Bulk­ing Up

Animation Magazine - - Features -

Blue Sky Stu­dios takes Scrat into space and threat­ens the ever-grow­ing cast of he­roes of its well-chilled flag­ship fran­chise with cosmic-level ex­tinc­tion in Ice Age: Collision Course. By Tom McLean.

DDreamWorks strips down the look of its hit CG fea­ture to flesh out the heart and com­edy for the new series com­ing July 29 to Net­flix. By Tom McLean

es­pite hav­ing started at DreamWorks as a pro­duc­tion as­sis­tant who worked up to sto­ry­board­ing on fea­tures, Ryan Crego’s most-re­cent suc­cesses had been as a writer and di­rec­tor on Sanjay and Craig at Nick­elodeon, work­ing with his long­time friend Thurop Van Or­man, cre­ator of The Mis­ad­ven­tures of Flap­jack. With that series over, the duo took an of­fer from DreamWorks ex­ecs to come Home and de­velop a series based on the 2015 hit fea­ture for its ex­pand­ing TV di­vi­sion.

“We went off and watched the movie and started talk­ing about how strong the char­ac­ters were and what we could do with it,” says Crego, ex­ec­u­tive pro­ducer on the series, which de­buts 13 half-hours (each com­prised of two quar­ter-hour episodes) July 29 on Net­flix. “We came back, we said we love it, we love these char­ac­ters, we think we can do some­thing re­ally special — but we re­ally want to do a 2D show. We want to do what we know, be­cause we are both board artists and we wanted to do some­thing board driven.”

DreamWorks gave the OK and Crego says he and Van Or­man — to­gether they’re cred­ited as show cre­ators — be­gan work­ing out a look for the show. “Part of it was find­ing a style that we en­joyed the de­sign of and that was re­ally de­signed to be an­i­mated,” he says. Char­ac­ter de­signer Martin Wit­tig came up with some thumb­nail sketches. “He re­ally ex­plored how to push these char­ac­ters and get their faces, and they still re­tain the char­ac­ter that you know but they also can be re­ally stretched into funny ex­pres­sions,” says Crego.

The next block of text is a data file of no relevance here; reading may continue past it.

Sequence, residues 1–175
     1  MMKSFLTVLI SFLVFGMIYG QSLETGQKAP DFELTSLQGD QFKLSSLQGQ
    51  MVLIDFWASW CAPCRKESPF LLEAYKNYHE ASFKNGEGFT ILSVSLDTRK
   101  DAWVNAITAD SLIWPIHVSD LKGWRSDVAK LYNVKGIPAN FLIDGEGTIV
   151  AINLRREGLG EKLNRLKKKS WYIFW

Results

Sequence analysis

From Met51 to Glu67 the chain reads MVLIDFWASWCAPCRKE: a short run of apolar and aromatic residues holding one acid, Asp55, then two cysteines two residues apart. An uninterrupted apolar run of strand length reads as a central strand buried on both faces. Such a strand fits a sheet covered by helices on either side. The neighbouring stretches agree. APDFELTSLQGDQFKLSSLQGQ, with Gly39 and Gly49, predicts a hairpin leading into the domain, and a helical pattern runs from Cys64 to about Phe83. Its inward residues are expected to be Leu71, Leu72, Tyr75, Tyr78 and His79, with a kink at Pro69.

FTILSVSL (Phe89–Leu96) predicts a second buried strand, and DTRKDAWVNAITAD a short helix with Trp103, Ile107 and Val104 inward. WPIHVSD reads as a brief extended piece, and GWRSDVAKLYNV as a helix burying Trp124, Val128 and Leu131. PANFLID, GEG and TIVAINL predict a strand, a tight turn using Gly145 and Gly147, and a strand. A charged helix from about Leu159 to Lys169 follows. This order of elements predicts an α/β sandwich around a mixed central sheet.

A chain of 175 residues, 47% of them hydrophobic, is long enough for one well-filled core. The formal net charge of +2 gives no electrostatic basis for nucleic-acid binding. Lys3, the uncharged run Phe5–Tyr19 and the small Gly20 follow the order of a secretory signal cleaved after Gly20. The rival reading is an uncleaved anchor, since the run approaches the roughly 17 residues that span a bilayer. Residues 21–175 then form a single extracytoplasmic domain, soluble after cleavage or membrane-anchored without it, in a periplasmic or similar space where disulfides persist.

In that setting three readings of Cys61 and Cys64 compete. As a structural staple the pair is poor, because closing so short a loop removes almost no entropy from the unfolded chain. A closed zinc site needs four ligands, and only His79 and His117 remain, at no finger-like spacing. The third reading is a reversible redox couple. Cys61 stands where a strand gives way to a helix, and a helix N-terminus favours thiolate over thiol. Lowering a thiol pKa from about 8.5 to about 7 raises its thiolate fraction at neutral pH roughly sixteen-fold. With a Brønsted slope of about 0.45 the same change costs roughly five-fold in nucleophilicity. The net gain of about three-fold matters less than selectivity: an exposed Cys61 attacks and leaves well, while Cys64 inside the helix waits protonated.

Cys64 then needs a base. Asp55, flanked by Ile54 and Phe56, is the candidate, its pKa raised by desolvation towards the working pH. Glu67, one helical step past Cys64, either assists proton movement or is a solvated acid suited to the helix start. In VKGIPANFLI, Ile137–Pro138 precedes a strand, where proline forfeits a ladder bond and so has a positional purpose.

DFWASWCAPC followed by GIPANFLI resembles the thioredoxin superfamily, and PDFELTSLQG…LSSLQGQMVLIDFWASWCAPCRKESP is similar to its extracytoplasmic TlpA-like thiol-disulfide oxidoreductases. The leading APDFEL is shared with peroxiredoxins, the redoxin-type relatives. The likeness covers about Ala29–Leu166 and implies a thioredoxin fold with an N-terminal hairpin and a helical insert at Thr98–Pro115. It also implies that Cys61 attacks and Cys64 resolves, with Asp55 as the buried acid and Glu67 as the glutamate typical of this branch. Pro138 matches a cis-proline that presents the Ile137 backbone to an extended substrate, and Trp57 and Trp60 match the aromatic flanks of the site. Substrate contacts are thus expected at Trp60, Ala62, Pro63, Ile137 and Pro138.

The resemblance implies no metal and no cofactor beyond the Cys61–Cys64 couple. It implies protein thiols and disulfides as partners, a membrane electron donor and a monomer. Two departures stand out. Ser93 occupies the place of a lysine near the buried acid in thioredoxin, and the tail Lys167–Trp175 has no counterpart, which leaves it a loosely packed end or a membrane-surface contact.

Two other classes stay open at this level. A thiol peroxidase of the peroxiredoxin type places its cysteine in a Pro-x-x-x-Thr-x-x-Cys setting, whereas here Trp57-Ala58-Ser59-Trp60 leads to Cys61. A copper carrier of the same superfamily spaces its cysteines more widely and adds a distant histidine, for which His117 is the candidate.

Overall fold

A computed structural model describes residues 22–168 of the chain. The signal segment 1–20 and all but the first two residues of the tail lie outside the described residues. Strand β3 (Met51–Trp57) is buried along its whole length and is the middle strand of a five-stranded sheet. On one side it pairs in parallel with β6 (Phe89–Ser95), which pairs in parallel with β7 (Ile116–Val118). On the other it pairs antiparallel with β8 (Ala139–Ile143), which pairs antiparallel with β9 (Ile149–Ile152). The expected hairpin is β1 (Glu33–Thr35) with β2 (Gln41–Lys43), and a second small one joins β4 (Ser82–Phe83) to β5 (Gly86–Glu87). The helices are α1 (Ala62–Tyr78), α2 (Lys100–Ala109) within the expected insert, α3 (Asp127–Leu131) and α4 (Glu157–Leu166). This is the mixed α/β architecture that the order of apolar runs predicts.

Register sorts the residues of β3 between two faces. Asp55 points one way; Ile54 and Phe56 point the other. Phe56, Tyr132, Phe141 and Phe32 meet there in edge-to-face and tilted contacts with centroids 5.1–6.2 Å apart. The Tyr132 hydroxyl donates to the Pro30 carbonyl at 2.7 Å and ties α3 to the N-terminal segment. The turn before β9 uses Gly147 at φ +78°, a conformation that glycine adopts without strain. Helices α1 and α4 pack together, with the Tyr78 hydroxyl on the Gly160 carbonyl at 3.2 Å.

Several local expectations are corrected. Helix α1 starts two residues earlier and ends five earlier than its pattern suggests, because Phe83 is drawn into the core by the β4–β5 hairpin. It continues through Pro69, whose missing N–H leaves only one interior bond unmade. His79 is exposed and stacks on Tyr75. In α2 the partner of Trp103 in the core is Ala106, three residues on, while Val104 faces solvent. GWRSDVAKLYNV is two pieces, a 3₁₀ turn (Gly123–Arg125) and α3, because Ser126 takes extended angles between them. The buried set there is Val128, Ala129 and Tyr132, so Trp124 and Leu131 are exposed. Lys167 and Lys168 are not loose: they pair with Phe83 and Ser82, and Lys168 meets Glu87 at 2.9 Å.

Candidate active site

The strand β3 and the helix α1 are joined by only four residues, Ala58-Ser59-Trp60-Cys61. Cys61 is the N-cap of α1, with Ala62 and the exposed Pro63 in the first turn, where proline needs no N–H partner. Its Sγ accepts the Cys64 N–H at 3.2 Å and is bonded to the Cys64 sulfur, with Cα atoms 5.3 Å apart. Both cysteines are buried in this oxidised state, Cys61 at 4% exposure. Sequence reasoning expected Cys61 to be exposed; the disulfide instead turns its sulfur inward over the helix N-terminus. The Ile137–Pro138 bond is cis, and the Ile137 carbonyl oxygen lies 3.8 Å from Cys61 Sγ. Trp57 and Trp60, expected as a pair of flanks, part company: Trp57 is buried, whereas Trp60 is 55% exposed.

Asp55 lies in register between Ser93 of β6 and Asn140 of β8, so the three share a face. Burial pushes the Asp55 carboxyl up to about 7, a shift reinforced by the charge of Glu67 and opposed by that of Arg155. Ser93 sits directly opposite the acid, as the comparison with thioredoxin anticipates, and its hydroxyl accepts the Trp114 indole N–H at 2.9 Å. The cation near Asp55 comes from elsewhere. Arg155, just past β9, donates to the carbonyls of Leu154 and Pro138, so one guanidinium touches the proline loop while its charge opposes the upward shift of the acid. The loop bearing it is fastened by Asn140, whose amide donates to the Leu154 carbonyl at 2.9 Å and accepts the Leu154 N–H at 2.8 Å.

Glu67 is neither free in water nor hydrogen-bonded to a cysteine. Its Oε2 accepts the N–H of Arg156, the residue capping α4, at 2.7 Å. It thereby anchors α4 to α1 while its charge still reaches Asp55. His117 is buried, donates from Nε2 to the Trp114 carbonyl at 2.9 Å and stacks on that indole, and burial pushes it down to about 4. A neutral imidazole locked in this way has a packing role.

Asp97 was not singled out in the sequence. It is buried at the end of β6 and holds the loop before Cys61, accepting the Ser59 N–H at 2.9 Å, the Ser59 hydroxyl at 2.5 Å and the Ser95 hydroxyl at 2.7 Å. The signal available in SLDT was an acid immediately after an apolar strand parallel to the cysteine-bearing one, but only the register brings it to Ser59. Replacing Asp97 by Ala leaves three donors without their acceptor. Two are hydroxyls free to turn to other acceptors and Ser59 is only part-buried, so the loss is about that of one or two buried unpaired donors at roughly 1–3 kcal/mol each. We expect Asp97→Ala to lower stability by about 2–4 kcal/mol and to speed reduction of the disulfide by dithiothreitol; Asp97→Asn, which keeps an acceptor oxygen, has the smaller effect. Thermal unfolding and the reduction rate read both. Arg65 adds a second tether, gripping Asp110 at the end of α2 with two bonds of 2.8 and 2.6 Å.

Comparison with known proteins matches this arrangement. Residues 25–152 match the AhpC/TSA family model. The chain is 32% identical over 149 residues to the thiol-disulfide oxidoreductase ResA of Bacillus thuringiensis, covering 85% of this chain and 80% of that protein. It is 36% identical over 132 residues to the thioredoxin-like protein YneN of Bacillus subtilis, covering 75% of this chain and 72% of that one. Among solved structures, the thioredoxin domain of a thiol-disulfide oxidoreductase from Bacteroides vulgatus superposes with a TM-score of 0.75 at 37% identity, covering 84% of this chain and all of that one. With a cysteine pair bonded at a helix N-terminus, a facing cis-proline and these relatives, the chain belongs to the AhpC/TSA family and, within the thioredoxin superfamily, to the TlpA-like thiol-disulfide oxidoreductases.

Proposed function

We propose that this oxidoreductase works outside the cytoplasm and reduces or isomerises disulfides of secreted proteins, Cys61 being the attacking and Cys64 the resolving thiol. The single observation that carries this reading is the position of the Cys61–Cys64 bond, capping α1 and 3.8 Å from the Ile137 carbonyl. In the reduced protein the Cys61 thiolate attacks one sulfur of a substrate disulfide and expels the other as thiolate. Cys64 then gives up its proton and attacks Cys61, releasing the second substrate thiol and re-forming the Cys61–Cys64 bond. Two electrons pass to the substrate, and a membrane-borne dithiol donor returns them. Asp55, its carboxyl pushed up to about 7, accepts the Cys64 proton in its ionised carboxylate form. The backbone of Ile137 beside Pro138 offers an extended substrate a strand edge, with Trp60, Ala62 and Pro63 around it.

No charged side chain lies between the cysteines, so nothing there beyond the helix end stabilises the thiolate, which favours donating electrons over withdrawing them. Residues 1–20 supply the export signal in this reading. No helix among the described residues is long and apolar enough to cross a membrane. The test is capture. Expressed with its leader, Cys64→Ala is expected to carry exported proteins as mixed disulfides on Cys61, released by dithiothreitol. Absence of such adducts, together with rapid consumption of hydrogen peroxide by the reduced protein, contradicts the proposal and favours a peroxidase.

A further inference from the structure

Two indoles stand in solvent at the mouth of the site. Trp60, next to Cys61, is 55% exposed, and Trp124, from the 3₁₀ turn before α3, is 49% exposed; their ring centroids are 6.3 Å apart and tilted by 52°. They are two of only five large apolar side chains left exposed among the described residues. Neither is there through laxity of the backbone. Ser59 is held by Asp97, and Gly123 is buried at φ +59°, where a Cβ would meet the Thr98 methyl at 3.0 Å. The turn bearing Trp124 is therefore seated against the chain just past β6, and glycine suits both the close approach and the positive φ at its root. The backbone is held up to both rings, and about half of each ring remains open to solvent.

The sto­ries fo­cus on the two main char­ac­ters and their re­la­tion­ship as they each ad­just to changes in their lives.

“(Oh) is learn­ing some­thing about fam­ily or the hu­man way of life and he’s learn­ing it through Tip,” he says. “And Tip, she’s 13 years old, she thinks she’s got it all fig­ured out — like a lot of 13-year-old girls — and she learns through Oh that you have to look at things through a dif­fer­ent per­spec­tive some­times.”

Trust­ing the Process Writ­ing be­gins with a one-page premise that’s fleshed out to a five-page out­line and handed off to a team of a sto­ry­board di­rec­tor and sto­ry­board artist. “We have a lot of faith in our process,” Crego says. “We’re work­ing with our sto­ries like a mound of clay, in a sense. ... I love the fact that we are all con­tribut­ing and that you get to see a piece of your­self as an artist on this crew in ev­ery story that you work on.”

The show def­i­nitely aims to hit view­ers’ funny bones, de­liv­er­ing some hi­lar­i­ous mo­ments that — like an early episode where Oh and the Boov de­cide they like to eat kitty lit­ter — also play to kids’ love of all things gross.

“It’s a tricky bal­ance be­cause we want the show to re­tain its sort of sticky sweet cen­ter,” says Crego. “As long as that joke isn’t over­pow­er­ing the char­ac­ter arc or that sen­si­tive mo­ment between the char­ac­ters, we tend to go for it. It is sort of the tone of the show to give you a lit­tle bit of the un­ex­pected.”

Mu­sic was a huge part of the fea­ture, and re­mains so in the series with com­poser Alex Geringas de­liv­er­ing a mix of con­tem­po­rary pop and elec­tronic hooks for the series to play off of. “We tend to make spa­ces in the out­lines for the pop songs, and the board artists a lot of times will write most of the lyrics in the sto­ry­board process and start to board out how the song will change the story, be­cause we do want the songs to be within the sto­ries, be a part of the sto­ry­telling,” says Crego. [

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